Rob Chang, an analyst covering uranium at Cantor Fitzgerald in Toronto, argues that "demand is not as fragile as some people worry about," and forecasts that it will far outstrip supply, especially with reduced expansion plans in Kazakhstan and Russia, the world’s No. 1 and No. 3 uranium producers.
"Based on our numbers, there’s an unavoidable deficit in 2019," he says, arguing that it takes seven to 10 years for a uranium project to go from a greenfield discovery to a producing mine.
Both analysts agree that one of the catalysts for uranium prices to move higher is the restart of Japan’s nuclear reactors, which is likely to begin in 2014.
About a dozen reactors have had applications submitted to undergo pre-restart inspections, and a handful of them are going through them now, Sadowski points out. He expects the first restarts will take place in mid-2014, with several more in the second half of 2014 for a total of between six and eight reactors back online before the end of next year.
"There’s no guaranteed certainty [that the restarts will happen next year], but there are some factors that make it pretty sure in our minds," Chang says. "First, the current government in power is the same one responsible for the build-out of Japan’s nuclear program, and second, you have a country struggling economically. It is expected that in the fiscal year ending in March 2014, Japan has had to spend about US$75 billion to import power to generate electricity, which is about twice what it was three years ago."
Sadowski notes that before the Fukushima disaster, nuclear energy provided Japan with 30% of its electricity needs, and since then the country has had to rely on importing costly fossil fuels. In November Japan abandoned its greenhouse gas-reduction targets, largely due to a reduced amount of electricity generation coming from nuclear, and with the Japanese yen depreciating against the U.S. dollar, its fuel-import costs are soaring. "Japan has had several trade deficits since Fukushima, and a large reason for that are its large imports of fossil fuels," he says.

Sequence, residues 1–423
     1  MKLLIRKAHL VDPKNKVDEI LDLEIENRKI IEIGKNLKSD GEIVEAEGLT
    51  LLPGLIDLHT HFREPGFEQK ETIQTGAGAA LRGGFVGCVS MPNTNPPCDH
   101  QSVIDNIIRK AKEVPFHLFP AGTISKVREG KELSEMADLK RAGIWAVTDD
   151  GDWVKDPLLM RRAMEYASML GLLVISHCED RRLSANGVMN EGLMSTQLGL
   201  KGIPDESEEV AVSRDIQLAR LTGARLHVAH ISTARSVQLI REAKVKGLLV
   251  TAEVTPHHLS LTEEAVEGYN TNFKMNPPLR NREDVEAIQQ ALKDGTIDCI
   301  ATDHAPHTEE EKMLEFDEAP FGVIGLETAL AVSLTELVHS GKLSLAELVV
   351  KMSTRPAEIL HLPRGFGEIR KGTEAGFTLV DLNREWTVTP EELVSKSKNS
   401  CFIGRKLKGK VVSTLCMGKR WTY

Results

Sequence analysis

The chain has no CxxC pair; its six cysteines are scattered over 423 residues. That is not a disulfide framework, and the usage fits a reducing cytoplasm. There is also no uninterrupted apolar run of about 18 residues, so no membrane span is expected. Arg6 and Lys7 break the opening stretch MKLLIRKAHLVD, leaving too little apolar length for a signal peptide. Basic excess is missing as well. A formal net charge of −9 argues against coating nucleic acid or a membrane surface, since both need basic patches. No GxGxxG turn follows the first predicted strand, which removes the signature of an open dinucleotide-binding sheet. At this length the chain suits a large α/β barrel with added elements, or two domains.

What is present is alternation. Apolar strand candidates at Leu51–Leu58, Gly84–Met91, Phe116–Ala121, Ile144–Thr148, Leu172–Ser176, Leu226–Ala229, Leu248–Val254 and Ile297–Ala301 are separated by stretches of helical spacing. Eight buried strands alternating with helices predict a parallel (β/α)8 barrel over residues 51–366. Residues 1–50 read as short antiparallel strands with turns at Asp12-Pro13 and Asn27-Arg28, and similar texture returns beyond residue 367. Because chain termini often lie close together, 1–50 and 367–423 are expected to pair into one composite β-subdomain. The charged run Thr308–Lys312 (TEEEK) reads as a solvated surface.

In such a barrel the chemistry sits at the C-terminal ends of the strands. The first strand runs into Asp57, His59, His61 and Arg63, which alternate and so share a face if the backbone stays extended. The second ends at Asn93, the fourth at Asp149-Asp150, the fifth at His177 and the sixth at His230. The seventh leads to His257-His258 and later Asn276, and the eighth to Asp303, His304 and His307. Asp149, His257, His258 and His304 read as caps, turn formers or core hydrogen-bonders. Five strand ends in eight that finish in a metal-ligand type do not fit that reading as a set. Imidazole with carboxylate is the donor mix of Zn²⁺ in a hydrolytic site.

Patricia Mohr, Scotiabank’s vice-president of economics and a commodity-market specialist, points out that the higher energy costs have led to the loss of manufacturing capability in Japan, with manufacturers moving their manufacturing plants to lower-cost countries in Southeast Asia, such as Thailand.
She notes that 10 to 15 million lb. U3O8 under contract with Japanese utilities are being deferred annually, with some resold.
"The real issue in the uranium market these days is the fact that Japan has 50 nuclear reactors that continue to be shut down, so any real kind of meaningful increase in price really awaits the restart," she says. "Japanese utilities have applied to Japan’s new Nuclear Regulation Authority to restart 14 reactors. While local public concern is the main obstacle, 10 could possibly be restarted by the end of 2014 — triggering a price recovery."
While she concedes that any restart is "not for sure" and there are still "quite big risks in the uranium industry for investors," she hopes that the spot price of US$34 per lb. last seen in mid-September will turn out to be the bottom of the market.
Mohr forecasts spot uranium will average US$38 per lb. in 2013, and stay at that level until the fourth quarter of 2014, when it will be closer to US$45 per lb. In 2015 she expects a price improvement of over US$50 per lb. "I think that the next 18 months are still going to be fairly lacklustre," she says. "I don’t think we’re going to find a lot of final investment decisions for new mine development until it does get up over US$50 per lb."
Chang of Cantor Fitzgerald forecasts average uranium prices will hit US$49.50 per lb. in 2014, and make a big jump to US$66.25 in 2015 and US$70 per lb. in 2016.
Sadowski of Raymond James believes spot uranium should average US$45 per lb. in 2014 — strongest during the second half — and rise to US$56 per lb. in 2015 and US$70 per lb. in 2016.